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CCCC 2004: Review

Review: D 31 If a Tree Falls…”: The Impact of Online Publications on Writing Scholarship
Reviewed by: Will Hochman, hochmanw1@southernct.edu
Posted on: April 5, 2004
Updated on: April 9, 2004

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Cheryl Ball presented “Strong Stories in Digital Scholarship: How Time, Tenure and Technology Impact New and Untenured New Media Faculty.” She began with her report of a limited survey (10 published creators of New Media texts in varying levels of academic life) on how New Media scholarship affected scholarship and tenure. Ball found that New Media texts were produced more often by women (8) than men (2). She described her sampling as consisting of 4 respondents who already had tenure and only 4 had time to respond to the survey before the conference. Only 2 had their curriculum vitae’s on line, and one “had no web presence at all.” Ball did a nice job of delimiting some of the drawbacks of her research and respondents by focusing on published New Media texts. Only one responder in her study had a complete curriculum vitae online and had used New Media as part of his or her tenure dossier.  All of the New Media texts in Ball’s study were published in Kairos where Ball is an editor. She is concerned that the extraordinary effort it takes to create New Media texts (adequate technology, guidance, financial support) and the questionable respect for this scholarship will limit our advances.

Douglas Eyeman presented “Crunchin Numbers: “Quantitative and Qualitative Methods for Measuring Disciplinary Relevance.” As an editor of Kairos, Eyeman wondered about how the journal is used in our scholarship and studied how online publication affects print scholarship. Print Journals selected were CCC, College English, JAC, and Computers and Composition but only Computers and Composition results were processed for the presentation today. Bibliometric Analysis—how citations are used—was the focus for the comparison and correlation between print and screen scholarship. The study was delimited to only works cited citations. Transparency vs. Hypermediacy and Historical time frames were used as guidelines for the qualitative study. Transparency is when print text is presented online, but in a limited form (i.e. PDF) while Hypermediacy engages the mediums in more creative and less limited ways than print. Eyeman gave a good overview of the study as part one and his collaborater, Colleen Reilly presented the second part of the study, “Does the Data Belie the Rhetoric?: The Citation History  of Online Scholarship in Print Publications.”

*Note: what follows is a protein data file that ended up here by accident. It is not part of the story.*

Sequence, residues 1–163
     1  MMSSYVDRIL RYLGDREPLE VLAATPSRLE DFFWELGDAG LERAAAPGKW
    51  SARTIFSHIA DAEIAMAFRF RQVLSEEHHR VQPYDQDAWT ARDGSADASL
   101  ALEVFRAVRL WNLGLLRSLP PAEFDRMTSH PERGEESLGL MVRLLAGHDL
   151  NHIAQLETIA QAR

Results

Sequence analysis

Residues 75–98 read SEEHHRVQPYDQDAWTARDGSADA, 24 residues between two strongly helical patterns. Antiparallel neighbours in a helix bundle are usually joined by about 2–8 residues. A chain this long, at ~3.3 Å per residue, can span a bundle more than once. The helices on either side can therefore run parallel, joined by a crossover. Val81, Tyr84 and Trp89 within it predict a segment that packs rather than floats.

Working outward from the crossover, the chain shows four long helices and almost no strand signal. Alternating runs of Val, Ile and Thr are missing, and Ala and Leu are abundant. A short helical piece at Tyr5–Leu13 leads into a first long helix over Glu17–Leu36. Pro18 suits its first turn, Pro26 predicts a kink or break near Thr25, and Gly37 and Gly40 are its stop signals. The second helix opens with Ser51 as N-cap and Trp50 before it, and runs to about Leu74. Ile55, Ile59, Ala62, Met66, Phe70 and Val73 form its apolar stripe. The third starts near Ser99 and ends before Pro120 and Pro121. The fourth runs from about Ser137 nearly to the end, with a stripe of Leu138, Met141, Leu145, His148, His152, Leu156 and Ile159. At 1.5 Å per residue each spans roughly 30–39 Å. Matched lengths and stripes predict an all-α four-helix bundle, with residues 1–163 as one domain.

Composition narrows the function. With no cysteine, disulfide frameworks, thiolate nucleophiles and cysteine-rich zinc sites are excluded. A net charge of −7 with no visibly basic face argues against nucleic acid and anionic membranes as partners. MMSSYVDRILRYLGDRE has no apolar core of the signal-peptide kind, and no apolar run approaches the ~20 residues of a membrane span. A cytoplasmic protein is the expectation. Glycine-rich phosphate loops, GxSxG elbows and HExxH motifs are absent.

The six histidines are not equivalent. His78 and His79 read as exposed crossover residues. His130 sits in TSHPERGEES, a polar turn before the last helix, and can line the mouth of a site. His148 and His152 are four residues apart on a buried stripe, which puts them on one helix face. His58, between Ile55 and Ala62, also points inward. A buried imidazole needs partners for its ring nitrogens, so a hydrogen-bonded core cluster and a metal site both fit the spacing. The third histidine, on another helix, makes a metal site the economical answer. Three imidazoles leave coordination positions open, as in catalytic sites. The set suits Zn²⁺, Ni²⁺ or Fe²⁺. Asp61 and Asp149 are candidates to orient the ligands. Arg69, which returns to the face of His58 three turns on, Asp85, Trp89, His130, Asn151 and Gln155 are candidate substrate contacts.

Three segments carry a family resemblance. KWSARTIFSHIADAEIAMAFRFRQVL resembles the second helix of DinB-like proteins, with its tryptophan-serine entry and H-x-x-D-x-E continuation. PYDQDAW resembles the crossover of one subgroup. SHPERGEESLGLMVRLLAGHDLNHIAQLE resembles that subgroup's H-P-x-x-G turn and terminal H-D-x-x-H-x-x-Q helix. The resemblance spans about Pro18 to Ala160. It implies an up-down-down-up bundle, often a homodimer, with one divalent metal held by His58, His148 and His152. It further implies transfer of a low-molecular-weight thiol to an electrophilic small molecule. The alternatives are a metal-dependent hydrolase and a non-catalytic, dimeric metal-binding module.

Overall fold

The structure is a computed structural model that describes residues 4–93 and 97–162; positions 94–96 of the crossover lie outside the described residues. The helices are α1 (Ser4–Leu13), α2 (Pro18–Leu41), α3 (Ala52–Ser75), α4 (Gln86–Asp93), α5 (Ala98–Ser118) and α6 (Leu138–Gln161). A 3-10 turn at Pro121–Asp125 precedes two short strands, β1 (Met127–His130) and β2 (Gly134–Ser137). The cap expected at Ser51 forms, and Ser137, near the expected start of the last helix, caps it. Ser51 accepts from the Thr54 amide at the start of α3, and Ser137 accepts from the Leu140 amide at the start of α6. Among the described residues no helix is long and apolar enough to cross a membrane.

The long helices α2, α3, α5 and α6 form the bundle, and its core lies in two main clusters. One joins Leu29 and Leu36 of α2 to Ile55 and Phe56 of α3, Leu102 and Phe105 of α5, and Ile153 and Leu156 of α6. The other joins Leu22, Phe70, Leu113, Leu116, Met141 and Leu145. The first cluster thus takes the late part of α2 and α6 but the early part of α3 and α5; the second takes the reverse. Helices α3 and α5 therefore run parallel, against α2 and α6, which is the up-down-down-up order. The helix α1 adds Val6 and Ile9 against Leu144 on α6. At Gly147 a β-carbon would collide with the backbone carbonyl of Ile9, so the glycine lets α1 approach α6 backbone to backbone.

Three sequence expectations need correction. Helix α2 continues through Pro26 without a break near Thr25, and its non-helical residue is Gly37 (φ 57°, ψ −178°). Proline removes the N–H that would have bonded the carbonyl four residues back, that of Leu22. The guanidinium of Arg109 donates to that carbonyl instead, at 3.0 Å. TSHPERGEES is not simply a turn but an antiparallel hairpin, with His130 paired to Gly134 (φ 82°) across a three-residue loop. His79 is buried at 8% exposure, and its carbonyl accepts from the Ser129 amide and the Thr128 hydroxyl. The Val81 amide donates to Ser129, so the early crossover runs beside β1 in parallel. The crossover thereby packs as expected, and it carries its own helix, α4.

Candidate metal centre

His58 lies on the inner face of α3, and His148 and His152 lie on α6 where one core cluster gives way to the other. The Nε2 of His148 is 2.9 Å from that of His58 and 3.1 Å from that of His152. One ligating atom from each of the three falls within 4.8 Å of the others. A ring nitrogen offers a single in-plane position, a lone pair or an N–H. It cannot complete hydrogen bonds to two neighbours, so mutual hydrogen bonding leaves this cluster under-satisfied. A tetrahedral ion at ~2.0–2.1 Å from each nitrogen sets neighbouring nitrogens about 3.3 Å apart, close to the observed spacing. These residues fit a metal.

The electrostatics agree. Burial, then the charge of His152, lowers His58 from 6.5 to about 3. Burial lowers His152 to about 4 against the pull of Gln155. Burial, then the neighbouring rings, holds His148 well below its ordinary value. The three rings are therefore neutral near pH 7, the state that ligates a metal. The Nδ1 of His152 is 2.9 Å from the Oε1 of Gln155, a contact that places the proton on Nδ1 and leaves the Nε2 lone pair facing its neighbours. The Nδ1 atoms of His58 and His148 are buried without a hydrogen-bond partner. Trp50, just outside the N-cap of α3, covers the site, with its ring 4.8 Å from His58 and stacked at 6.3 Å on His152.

In addition to her own untenured status, the impetus for the research made it clear that our field needs to better understand how citation indicates scholarship online. Computers and Composition had 448 of 4,642 or 9.6% of electronic sources cited in its publication history, but Reilly noted an increasing trend of online source use in the print scholarship of Computers and Composition. Features that impede online citation involved genre, error, accessibility and availability issues. Reilly offered the following suggestions:

Suggestions for editors of online journals to address impediments to citation:

Maintain and update links within and between pieces

Redirect old URLs to new URLs

Use metadata and DOI (document object identifiers) to create persistent links

Include citation information within each text

Link to clearly stated peer review procedures

Simplify URLs

Submit URLs to databases and libraries

Suggestions for contributors to online journals to address impediments to citation:

Include a site map with highly hypermediated pieces

Include identifying information in a prominent location, including a title tag

Include last-updated dates

Link from your personal versions to peer-reviewed versions of pieces

Suggestions for researchers citing online journals in print publications:

Check all citations carefully for correct dates, URLs, and access dates

Work to locate the precise location of online sources

Work to locate the organization/agency responsible for publishing online sources

Although the presenters were not always thrilled with their research processes and results, the audience (including session chair Cynthia Selfe) seemed excited because the researchers had begun to ask key questions and gather data that provided better footing on the bridges between print and screen scholarship. The reserached information and the discussion following the presentations made it clear that our field is still quite nascent when it comes to powerfully documenting our scholarhsip online but the presenters and their research and leadership will improve us.

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